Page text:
Serum Metabolite Concentrations May Prove Useful for Lung Cancer Detection

Early diagnosis of lung cancer is crucial, because surgery is curative only in the early stages. However, by the time most patients experience symptoms, the cancer has already progressed beyond the point of successful surgery.

Early diagnosis of lung cancer is crucial, because surgery is curative only in the early stages. However, by the time most patients experience symptoms, the cancer has already progressed beyond the point of successful surgery.

Current strategies for lung cancer screening have limitations. Chest radiographs most often fail to detect early-stage lung cancer, and while low-dose computed tomography (CT) imaging can be effective, it is costly and exposes patients to small doses of radiation.

In the hopes of developing a simple diagnostic blood test, a new study to be presented at the CHEST 2014 conference (October 25-30, 2014) evaluated blood biomarkers that may provide an early signal for lung cancer.

Christopher Carroll, MD, chair of the CHEST scientific abstract committee, explained, “Lung cancer is difficult to diagnose and frequently requires invasive testing. It would be a huge advance if you could diagnose lung cancer noninvasively with a biomarker.”

Researchers at the Cleveland Clinic in Ohio searched for differences between patients with stage 1-3 non-small cell lung cancer (NSCLC) and matched controls in serum profiles of small molecule metabolites.1

Serum was collected from 94 biopsy-confirmed, untreated cancer patients (50 adenocarcinoma, 44 squamous cell) and 190 at-risk controls who were propensity matched for age, gender, smoking history, COPD, and chronic diseases that might affect metabolism, such as diabetes mellitus.

Chromatography analysis identified 534 metabolites in 8 metabolite super-pathways and 73 subpathways; concentrations of 149 differed significantly between the groups.

Peter J. Mazzone, MD, director of the lung cancer program for the Respiratory Institute at Cleveland Clinic and lead author of the study notes, "Patients with lung cancer have altered metabolic processes. The way that cancer cells grow and use energy is different than normal cells. The building blocks for cell formation and the by-products of growth may be altered. This information could lead to the development of a diagnostic biomarker for early detection of lung cancer."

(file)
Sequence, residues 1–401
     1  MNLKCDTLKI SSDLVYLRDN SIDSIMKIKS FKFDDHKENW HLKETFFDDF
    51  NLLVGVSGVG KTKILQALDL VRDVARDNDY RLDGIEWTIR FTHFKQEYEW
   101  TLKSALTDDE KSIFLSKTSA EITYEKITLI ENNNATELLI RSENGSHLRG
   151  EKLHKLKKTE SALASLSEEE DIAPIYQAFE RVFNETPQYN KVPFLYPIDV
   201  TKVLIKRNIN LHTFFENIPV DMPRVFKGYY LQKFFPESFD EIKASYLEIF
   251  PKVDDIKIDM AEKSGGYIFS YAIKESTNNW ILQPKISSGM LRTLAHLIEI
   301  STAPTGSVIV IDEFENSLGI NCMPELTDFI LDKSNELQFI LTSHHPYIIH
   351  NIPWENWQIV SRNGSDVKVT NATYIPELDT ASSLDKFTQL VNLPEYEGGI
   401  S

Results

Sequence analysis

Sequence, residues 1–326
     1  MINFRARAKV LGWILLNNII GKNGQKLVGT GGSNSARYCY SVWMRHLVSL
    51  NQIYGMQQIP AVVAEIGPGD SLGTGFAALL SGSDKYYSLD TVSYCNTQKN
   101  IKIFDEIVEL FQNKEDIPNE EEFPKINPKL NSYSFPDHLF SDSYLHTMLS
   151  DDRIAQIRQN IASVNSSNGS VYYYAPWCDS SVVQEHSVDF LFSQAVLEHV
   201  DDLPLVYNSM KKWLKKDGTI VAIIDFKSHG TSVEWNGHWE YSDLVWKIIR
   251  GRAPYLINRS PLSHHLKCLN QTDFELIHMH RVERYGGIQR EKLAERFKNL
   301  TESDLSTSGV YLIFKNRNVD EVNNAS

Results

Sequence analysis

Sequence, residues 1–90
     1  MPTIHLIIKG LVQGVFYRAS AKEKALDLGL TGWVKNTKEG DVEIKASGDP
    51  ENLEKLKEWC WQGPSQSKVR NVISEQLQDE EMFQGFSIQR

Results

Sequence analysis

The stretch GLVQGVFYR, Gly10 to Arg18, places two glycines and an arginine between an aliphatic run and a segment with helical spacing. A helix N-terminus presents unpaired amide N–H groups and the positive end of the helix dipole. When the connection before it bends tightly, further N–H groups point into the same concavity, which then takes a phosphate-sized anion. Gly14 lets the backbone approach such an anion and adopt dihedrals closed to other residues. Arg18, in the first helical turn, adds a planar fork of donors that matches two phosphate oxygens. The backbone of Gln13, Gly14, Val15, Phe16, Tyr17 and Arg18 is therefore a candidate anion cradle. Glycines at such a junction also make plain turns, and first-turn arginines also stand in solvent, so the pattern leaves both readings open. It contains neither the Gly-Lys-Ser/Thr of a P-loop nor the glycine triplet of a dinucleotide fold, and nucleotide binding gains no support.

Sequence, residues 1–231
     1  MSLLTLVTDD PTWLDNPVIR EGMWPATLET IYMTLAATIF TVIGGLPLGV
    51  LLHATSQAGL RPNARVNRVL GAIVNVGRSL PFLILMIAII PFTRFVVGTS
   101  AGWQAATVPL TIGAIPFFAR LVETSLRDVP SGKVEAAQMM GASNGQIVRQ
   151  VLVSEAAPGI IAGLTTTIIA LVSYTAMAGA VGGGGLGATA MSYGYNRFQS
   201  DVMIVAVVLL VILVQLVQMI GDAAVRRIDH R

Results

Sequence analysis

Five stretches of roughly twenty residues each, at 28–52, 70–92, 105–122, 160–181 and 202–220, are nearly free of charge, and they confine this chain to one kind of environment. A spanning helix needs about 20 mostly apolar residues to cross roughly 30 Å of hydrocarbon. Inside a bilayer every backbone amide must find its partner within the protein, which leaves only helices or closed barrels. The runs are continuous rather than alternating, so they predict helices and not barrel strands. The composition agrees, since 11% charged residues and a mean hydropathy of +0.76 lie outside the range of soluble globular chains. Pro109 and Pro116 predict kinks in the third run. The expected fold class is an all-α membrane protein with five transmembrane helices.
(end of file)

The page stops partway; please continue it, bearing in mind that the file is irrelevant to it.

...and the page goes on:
Metabolic reprogramming, a hallmark of cancer cells, arises from mutations that alter cellular physiology to favor proliferation. Although a systematic characterization of the metabolic differences between cancer and normal cells is incomplete, specific pathways that are altered in malignant cells have been identified.

Cell proliferation requires increased amounts of fatty acids and phospholipids. Platelet activating factor (PAF), a potent phospholipid, promotes lung cancer growth, and free fatty acids have been shown to promote tumor development, progression, and metastases in lung cancer cells.

Another recent study by Mazzone and colleagues showed that the free fatty acids arachidonic acid and linoleic acid, and their metabolites, were 2- to 3-fold higher in 37 patients with adenocarcinoma compared with 111 patients without cancer.2However, phospholipid and fatty acid concentration differences in squamous cell carcinoma were less pronounced.

The current results similarly describe serum elevations of fatty acids in the cancer samples. Also noted were significant reductions in phenolic compounds as well as elevated transsulfuration pathway activity, an important contributor to cell proliferation.

Of the 149 compounds that differed significantly between groups, a subset of 36 metabolites contributed to a predictive model with sensitivity 70.2% and specificity 89.5% (area under the ROC = 0.837).

Mazzone adds that their results form the basis for future development on the idea. “We have discovered potential markers of lung cancer. We will next need to validate these markers in new patient samples. If promising, assays will need to be developed that will be easier to use clinically then the research methods that have been used to date.”

These preliminary results demonstrate that metabolite profiles can indicate altered metabolic processes characteristic of lung cancer, paving the way for a simple blood test to detect lung cancer in early stages.


  1. Mazzone PJ, Wang X, Beukeman M, et al. The Analysis of Small Molecule Metabolite Profiles in the Blood as a Biomarker of Lung Cancer.Chest. 2014. 146(4_MeetingAbstracts): 587A.
  2. Liu J, Mazzone PJ, Cata JP, et al. Serum free fatty acid biomarkers of lung cancer.Chest. 2014 Sep; 146(3):670-679.